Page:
Mentors play a vital role in supporting entrepreneurs at the Branson Centre – Caribbean.

Their services provide incredible depth and breadth to the centre’s programs – and by openly sharing their experiences and lessons-learned, they help to guide entrepreneurs through their own career journeys. This week we spoke to Dr. Toni Wheatle about how she became a Branson Centre mentor and she shared her best advice for people thinking about becoming a mentor themselves.

Virgin Unite, Branson Centre of Entrepreneurship Caribbean, Lisandra

1. Tell us about yourself. How did you start your entrepreneurial journey?

I was born in Jamaica and immigrated to the United States in the 80s. Growing up, I knew I wanted to have a positive impact on the world. As I worked my way through college, I became extremely interested in social causes, and after college I started to work for a non-profit organisation. While serving as their National Director, I became especially interested in developing non-profit infrastructures.  I finished my MBA and Doctorate of Business and started designing corporate programs and business marketing strategies. Today, I am delighted to have a step within my journey that includes working with Branson Centre of Entrepreneurship - Caribbean.

2. What’s been your most memorable moment as a mentor?

My most memorable moment as a mentor was when I found out that my first mentee had begun working within the food and agriculture industry. I remember feeling like a child on the first day of school – I really felt like “this” is what I am meant to do. My mentee then allowed me to work with her on food packaging designs, and together we worked on industry scalability. I was able to help create a new path for her business and its expansion within Jamaica. To be able to give back, by creating scalability within a Jamaican agriculture company, certainly made me feel like I was finally a part of a global solution. 

Virgin Unite, Branson Centre of Entrepreneurship Caribbean

3. What’s the biggest take away that you’ve had as a mentor?

I have learned to always be open minded to the possibilities life has to offer and to really listen to people. It is imperative that mentees are respected as innovative individuals. I am proud to be a mentor in multiple countries and am proud to serve as an Advisory Board member for the Branson Centre of Entrepreneurship. But most importantly, I am proud to have such great global teachers – my mentees.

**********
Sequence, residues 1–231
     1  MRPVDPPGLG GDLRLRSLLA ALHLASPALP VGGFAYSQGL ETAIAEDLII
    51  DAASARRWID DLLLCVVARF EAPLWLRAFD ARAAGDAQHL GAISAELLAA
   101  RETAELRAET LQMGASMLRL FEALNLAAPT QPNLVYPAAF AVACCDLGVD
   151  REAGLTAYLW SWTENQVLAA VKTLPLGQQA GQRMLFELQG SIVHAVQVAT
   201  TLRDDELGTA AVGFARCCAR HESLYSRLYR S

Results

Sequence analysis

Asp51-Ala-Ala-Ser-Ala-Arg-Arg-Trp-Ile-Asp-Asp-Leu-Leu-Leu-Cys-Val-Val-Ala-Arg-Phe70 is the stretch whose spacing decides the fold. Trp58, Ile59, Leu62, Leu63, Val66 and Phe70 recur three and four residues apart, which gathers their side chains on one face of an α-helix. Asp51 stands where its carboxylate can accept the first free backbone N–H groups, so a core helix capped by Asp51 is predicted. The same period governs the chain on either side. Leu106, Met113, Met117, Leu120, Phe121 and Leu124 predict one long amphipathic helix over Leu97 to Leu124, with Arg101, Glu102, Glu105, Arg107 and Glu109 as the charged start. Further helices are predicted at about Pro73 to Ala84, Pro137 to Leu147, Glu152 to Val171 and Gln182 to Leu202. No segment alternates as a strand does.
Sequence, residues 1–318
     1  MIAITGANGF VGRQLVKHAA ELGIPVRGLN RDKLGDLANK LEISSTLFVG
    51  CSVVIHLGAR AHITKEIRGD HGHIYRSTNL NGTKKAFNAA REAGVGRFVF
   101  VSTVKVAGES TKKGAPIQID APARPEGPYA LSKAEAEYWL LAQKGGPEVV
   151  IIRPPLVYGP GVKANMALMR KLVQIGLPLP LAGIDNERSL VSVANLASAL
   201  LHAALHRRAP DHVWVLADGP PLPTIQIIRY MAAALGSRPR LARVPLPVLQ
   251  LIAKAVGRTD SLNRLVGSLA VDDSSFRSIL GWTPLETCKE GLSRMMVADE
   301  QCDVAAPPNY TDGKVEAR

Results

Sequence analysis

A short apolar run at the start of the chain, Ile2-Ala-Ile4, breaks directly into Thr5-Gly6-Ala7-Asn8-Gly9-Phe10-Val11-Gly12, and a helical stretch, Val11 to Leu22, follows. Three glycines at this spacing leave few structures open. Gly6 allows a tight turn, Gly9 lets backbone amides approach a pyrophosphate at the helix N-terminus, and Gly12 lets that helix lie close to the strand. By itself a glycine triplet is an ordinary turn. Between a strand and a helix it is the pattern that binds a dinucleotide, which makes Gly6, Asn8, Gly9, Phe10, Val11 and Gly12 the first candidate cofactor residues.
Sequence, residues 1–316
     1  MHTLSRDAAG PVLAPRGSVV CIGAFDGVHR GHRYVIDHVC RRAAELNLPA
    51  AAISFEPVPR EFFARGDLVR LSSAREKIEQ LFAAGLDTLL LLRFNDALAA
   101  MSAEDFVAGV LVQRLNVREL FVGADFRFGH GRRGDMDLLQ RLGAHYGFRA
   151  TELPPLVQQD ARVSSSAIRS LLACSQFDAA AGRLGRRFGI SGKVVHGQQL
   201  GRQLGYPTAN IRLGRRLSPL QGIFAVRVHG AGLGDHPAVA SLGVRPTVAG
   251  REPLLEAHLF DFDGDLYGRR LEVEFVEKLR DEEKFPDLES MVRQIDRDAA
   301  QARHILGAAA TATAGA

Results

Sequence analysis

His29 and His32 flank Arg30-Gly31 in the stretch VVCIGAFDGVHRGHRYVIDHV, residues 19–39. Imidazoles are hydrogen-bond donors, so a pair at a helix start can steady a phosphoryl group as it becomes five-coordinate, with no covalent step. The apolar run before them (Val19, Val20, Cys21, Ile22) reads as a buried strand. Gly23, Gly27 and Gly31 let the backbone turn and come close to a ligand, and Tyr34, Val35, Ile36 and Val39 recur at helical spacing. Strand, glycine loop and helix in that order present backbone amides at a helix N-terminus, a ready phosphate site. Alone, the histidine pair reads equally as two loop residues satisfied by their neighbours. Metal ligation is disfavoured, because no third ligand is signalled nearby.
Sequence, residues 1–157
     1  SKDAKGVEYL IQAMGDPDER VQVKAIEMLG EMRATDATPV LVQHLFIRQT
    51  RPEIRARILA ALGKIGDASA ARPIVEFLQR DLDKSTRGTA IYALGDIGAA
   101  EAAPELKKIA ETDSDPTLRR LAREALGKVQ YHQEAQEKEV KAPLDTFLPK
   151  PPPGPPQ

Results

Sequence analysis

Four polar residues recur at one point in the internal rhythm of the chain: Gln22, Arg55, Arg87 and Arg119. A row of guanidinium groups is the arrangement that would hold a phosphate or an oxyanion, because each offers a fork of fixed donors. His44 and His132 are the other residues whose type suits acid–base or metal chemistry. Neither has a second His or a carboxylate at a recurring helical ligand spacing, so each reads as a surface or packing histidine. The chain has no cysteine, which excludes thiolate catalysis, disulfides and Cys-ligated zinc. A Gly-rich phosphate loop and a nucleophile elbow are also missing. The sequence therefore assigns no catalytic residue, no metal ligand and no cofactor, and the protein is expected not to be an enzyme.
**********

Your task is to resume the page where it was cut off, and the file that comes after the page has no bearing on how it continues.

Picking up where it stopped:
4. What advice do you have for mentees to maximise their experience?

The advice I give to mentees is for them to take full advantage of the dynamic opportunity they are being given by the Centre. I believe mentees should walk into the experience knowing who they are, where they want to be, and then become a sponge to absorb the experience. Knowing how fortunate mentees are to be a part of such a great legacy will allow them to take full advantage of the wonderful staff, mentors, and any advice given.

I have learned to always be open minded to the possibilities life has to offer and to really listen to people.

I believe that everyone has a role to play in improving the global marketplace. Companies have to think more about the greater good of society by creating value in how they hire people, the types of services and products they create, and how they choose to impact the communities they work within. We are all citizens of the world and thus, we should take great pride in the decision making process as it pertains to business mechanisms that will impact society.

To learn more about the Branson Centre of Entrepreneurship, Caribbean visit their website or follow them on Facebook and Twitter